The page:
|Tappero, Ryan - UNIV DELAWARE, NEWARK|
|Sparks, Donald - UNIV DELAWARE, NEWARK|
Submitted to: World Congress of Soil Science
Publication Type: Abstract Only
Publication Acceptance Date: February 15, 2006
Publication Date: July 10, 2006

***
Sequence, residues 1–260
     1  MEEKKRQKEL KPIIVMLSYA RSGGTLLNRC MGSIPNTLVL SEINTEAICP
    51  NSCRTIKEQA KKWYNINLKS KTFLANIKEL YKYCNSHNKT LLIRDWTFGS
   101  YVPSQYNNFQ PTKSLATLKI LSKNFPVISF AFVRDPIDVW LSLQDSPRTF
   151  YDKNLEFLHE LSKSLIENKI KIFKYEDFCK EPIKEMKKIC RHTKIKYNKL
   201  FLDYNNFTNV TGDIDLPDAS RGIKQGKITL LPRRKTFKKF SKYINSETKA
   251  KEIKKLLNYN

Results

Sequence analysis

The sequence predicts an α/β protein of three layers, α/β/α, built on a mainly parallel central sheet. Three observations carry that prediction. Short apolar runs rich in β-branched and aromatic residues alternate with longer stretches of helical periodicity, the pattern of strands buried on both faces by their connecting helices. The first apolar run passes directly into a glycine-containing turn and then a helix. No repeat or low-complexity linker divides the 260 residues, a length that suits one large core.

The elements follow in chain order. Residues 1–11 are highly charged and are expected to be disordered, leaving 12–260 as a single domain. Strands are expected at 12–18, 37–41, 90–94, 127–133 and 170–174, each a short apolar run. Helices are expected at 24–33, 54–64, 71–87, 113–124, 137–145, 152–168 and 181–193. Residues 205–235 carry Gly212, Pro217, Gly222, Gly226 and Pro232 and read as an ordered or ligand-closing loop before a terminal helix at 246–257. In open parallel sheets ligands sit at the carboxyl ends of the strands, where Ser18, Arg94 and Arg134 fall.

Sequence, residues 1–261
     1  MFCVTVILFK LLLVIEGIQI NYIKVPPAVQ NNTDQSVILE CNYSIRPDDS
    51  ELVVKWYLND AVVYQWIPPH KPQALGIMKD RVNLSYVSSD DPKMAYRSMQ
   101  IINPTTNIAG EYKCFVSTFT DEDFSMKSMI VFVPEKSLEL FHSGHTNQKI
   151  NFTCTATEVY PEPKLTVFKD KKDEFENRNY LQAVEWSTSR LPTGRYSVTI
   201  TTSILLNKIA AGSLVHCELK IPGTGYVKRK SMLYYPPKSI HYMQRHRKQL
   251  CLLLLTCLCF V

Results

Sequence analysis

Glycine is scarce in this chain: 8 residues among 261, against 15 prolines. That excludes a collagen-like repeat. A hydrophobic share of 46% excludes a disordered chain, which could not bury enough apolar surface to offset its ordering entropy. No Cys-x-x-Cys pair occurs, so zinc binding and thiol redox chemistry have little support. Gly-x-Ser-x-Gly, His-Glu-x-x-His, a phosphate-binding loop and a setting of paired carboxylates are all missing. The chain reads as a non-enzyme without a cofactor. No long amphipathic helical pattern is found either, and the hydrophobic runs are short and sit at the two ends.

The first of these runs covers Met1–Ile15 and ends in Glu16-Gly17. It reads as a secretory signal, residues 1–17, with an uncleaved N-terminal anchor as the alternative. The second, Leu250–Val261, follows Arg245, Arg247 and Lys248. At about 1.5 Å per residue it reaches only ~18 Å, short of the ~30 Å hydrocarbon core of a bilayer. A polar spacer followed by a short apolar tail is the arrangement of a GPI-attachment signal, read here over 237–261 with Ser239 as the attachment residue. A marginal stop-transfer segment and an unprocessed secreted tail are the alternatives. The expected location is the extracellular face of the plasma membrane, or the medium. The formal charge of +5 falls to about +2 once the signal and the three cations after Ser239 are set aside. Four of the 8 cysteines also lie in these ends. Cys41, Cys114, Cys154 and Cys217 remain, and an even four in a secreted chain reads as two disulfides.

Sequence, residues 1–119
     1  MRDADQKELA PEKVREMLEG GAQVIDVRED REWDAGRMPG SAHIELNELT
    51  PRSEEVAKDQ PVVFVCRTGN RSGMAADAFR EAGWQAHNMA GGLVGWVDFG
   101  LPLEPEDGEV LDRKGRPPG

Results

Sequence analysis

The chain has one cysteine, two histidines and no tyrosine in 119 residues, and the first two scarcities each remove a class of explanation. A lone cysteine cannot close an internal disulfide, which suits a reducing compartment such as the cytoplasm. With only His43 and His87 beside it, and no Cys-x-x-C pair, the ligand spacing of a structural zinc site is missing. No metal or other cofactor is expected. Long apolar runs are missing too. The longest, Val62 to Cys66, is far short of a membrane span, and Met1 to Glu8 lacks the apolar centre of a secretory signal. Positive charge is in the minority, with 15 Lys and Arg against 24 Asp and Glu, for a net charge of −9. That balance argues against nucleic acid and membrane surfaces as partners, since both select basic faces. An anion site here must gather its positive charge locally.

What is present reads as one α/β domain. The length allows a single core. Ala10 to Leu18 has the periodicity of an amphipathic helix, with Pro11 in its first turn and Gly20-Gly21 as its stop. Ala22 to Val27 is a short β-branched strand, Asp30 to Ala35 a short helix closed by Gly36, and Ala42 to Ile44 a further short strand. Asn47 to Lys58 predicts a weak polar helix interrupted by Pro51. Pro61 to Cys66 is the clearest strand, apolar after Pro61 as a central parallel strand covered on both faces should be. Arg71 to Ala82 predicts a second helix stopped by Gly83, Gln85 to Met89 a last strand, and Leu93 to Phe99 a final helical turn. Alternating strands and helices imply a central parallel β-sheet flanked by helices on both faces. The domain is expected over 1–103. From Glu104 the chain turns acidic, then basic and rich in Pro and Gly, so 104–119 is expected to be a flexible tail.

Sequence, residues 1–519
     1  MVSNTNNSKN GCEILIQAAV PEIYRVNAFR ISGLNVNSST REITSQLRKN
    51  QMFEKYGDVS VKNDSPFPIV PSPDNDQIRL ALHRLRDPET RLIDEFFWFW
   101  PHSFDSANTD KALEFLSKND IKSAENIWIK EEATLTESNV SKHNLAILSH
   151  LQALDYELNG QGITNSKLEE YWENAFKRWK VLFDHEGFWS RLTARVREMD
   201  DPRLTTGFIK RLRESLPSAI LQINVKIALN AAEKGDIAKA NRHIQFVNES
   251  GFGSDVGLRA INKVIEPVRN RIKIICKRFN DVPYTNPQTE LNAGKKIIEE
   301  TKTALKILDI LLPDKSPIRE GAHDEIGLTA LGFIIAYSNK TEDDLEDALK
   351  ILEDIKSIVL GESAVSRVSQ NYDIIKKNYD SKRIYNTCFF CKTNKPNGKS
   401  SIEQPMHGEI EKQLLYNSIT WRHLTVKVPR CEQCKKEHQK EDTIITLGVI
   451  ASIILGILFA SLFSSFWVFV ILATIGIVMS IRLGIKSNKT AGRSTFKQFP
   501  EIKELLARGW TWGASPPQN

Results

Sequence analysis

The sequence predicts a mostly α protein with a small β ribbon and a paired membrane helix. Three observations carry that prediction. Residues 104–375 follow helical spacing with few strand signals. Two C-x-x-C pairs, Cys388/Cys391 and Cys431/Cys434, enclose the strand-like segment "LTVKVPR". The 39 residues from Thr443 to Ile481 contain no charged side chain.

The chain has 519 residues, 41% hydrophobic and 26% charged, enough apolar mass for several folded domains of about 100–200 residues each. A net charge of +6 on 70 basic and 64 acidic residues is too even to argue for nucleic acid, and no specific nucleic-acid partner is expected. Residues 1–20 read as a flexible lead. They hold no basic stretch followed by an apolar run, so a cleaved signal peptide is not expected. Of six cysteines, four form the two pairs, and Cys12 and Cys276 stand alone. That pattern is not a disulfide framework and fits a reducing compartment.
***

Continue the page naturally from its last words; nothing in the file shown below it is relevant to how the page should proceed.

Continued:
Citation: Tappero, R., Chaney, R.L., Sparks, D.L. 2006. Spectromicroscopic investigation of co speciation in a ni/co hyperaccumulator plant used for phytoremediation and phytomining [abstract]. World Congress of Soil Science. Abstract 12480. Technical Abstract: Metal contamination of surface and subsurface environments is a worldwide concern. Unique metallophyte plants (hyperaccumulators) accumulate high concentrations of trace metals in their harvestable biomass, and thereby offer a sustainable method for treatment of metal-contaminated sites (phytoremediation) and an opportunity to mine metal-rich soils (phytomining). Several species of Alyssum (Brassicacea family) have the ability to simultaneously hyperaccumulate Ni and Co in a mixed-contaminant system. Information on the localization, speciation, and associations of accumulated metals with other elements in hyperaccumulator plants can provide insight into the physiological and biochemical mechanisms of metal tolerance and accumulation. Synchrotron-based techniques such as microfocused X-ray absorption fine structure (XAFS) and X-ray fluorescence (XRF) spectroscopy and computed microtomography (CMT) enable the investigation of metal reactions and processes in natural systems at the micron scale. SXRF and CMT were utilized to observe in situ metal localization and compartmentalization in the Ni/Co hyperaccumulator A. murale. SXRF images revealed preferential localization of Co at leaf tips and margins and a relatively uniform distribution of Ni in A. murale leaves. CMT cross-sectional images revealed aqueous Co was primarily limited to the plant vascular system, while Ni was enriched in vascular and epidermal tissue. Cobalt speciation in plant tissue was investigated in situ with bulk and '-XAFS. Primary Co species in the roots and leaves were aqueous metal complexes with organic and amino acids (e.g. malate and histidine). Preliminary '-XAFS investigations indicated the Co deposited at leaf tips and margins formed a Co(OH)2-nH2O precipitate with some degree of short range order. Results suggest A. murale utilizes different metal detoxification and sequestration mechanisms to tolerate elevated concentrations of Co and Ni in plant tissue.